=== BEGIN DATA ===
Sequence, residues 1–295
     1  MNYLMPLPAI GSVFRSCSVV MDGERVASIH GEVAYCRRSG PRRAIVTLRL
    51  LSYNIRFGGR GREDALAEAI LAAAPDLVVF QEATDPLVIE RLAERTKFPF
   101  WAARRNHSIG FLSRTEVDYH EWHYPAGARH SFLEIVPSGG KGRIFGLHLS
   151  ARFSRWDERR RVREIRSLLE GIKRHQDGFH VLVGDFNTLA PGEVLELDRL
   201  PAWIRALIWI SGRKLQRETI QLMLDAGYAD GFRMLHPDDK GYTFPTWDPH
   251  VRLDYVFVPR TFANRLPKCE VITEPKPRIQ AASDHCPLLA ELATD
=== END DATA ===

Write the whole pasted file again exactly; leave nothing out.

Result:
Sequence, residues 1–295
     1  MNYLMPLPAI GSVFRSCSVV MDGERVASIH GEVAYCRRSG PRRAIVTLRL
    51  LSYNIRFGGR GREDALAEAI LAAAPDLVVF QEATDPLVIE RLAERTKFPF
   101  WAARRNHSIG FLSRTEVDYH EWHYPAGARH SFLEIVPSGG KGRIFGLHLS
   151  ARFSRWDERR RVREIRSLLE GIKRHQDGFH VLVGDFNTLA PGEVLELDRL
   201  PAWIRALIWI SGRKLQRETI QLMLDAGYAD GFRMLHPDDK GYTFPTWDPH
   251  VRLDYVFVPR TFANRLPKCE VITEPKPRIQ AASDHCPLLA ELATD